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The Birth of Cool
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Table of Contents

Introduction: This Time it's Personal 1. Angel in the Market Place: The African-Jamaican Higgler, 1880-1903 2. 'We Also Should Walk in the Newness of Life': Individualised Harlem Styles of the 1930s 3. 'All of Me': Billie Holiday 4. 'My Man Let Me Pull Your Coat to Something': Malcolm X 5. You Should Understand, it's a Freedom Thing: The Stoned Cherrie-Steve Biko T-shirt 6. Here: The Haunting Joy of Being in England Coda Bibliography Index

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Examines the role of dress in black identity in the United States, Jamaica and the United Kingdom.

About the Author

Carol Tulloch is Professor of Dress, Diaspora and Transnationalism at Chelsea College of Arts, University of the Arts London, UK. She is also the Chelsea College of Arts/Victoria and Albert Museum Fellow in Black British Visual and Material Culture.

Reviews

An amazing new celebration of black style, from Billie Holiday to Malcolm X ... the product of a lifetime's research. * The Observer *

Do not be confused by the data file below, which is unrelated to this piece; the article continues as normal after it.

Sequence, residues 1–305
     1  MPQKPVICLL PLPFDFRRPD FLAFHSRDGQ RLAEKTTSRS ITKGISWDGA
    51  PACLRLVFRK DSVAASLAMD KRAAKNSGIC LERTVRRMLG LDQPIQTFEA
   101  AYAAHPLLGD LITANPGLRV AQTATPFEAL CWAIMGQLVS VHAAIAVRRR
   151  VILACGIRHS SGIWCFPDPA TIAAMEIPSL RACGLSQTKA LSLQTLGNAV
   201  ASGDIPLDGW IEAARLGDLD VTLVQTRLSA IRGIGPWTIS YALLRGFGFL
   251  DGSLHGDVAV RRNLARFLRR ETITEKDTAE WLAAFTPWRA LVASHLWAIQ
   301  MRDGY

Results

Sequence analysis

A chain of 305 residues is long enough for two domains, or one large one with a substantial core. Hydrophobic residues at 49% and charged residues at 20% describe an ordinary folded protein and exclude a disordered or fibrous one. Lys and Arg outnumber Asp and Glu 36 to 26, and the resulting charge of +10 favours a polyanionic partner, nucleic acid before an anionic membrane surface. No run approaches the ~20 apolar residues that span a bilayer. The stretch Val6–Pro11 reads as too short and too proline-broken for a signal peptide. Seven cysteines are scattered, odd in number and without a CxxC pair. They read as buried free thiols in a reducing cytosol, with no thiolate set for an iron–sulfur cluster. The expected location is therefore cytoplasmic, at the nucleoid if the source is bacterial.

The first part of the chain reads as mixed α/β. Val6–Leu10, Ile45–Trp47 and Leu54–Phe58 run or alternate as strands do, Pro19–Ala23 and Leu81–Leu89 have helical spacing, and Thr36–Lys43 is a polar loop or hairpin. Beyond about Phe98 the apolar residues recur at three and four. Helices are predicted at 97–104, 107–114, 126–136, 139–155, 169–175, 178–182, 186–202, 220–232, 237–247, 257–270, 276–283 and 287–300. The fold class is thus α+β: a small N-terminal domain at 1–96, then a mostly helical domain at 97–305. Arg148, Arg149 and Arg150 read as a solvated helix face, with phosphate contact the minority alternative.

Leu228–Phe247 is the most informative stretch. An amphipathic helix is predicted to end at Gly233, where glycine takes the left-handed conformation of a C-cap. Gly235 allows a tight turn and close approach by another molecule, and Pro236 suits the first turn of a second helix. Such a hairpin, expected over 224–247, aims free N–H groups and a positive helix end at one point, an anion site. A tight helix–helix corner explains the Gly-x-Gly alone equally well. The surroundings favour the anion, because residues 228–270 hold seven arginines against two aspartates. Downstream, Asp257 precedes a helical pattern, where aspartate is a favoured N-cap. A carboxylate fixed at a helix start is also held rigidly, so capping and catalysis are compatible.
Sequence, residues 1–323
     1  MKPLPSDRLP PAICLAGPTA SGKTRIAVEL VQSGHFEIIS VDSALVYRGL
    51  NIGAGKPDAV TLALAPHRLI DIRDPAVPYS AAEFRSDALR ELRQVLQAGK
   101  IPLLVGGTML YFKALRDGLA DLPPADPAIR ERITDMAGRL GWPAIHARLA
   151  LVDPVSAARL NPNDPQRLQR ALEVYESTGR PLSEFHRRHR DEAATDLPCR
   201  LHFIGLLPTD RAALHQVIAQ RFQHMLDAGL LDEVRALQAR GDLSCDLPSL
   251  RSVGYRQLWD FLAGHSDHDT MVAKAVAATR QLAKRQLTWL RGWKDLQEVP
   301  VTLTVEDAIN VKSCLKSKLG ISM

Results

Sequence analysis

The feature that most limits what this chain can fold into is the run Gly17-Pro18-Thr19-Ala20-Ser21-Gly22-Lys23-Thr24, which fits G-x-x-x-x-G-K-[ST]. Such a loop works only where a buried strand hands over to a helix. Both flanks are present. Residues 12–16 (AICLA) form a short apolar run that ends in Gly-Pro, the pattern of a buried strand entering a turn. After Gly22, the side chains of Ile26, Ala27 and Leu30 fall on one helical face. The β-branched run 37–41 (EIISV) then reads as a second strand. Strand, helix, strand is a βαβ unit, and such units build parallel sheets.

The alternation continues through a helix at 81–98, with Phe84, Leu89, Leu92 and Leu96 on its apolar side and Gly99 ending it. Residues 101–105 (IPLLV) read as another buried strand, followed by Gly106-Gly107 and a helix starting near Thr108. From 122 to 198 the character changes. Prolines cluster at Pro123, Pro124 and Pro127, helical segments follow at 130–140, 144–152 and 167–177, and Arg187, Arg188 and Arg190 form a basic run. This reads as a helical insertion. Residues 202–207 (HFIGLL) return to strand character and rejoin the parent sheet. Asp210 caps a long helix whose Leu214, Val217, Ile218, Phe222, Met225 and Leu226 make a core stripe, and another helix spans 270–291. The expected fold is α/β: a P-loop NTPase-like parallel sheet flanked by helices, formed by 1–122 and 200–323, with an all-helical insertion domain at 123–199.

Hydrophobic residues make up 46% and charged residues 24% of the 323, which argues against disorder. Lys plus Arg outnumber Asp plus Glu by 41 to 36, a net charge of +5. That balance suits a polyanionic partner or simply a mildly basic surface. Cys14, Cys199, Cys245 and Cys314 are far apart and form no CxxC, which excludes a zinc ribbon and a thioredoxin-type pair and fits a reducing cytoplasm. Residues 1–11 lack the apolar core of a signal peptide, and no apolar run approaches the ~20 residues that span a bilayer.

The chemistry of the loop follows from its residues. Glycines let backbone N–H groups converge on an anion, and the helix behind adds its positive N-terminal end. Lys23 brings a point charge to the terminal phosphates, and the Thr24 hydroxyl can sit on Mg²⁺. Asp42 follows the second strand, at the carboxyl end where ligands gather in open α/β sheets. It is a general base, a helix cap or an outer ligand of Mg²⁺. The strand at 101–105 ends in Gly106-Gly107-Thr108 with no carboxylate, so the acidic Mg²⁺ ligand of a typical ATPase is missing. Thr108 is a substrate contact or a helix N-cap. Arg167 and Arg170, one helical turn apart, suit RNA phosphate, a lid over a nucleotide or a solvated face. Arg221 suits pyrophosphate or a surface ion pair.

Readers/researchers interested in understanding the style practices of the African diaspora, or looking for ways to understand the field from a position that allows for a richer and more complicated ways of observing dress history [will] certainly get something from this book. * The Journal of Dress History *
In this engaging book, Tulloch (Univ. of the Arts, London) expands on her work on the 'styled black body'...She uses an image or object-of the 2006 Stoned Cherrie Steve Biko T-shirt, say-and discusses its cultural weight and significance, presents readings and 'wonderings' (from her colleague Mona Choo), and then offers her own 'alternative reading.' The end result is a winsome mix of approaches to her subjects, backed up by serious scholarship. Summing up: Recommended. * CHOICE *
The Birth of Cool makes a unique contribution to studies of dress and culture, as well as to black studies and diaspora studies. Tulloch deconstructs and reconstructs black aesthetics to open new pathways for understanding the lives and social histories of figures like Billie Holiday and Malcolm X. It is one of the most impressive works I have read in years. * D. Soyini Madison, Northwestern University, USA *
The Birth of Cool offers a passionate reflexive analysis of transnational black glamour as an expression of undeniable presence, knowledge, and agency. As a foundational text, this book offers readers a deeper and more historical understanding of contemporary 'cool response' activism perhaps most famously practiced by Barack Obama, but visibly evident across the entire African diaspora. * Annette Lynch, University of Northern Iowa, USA *

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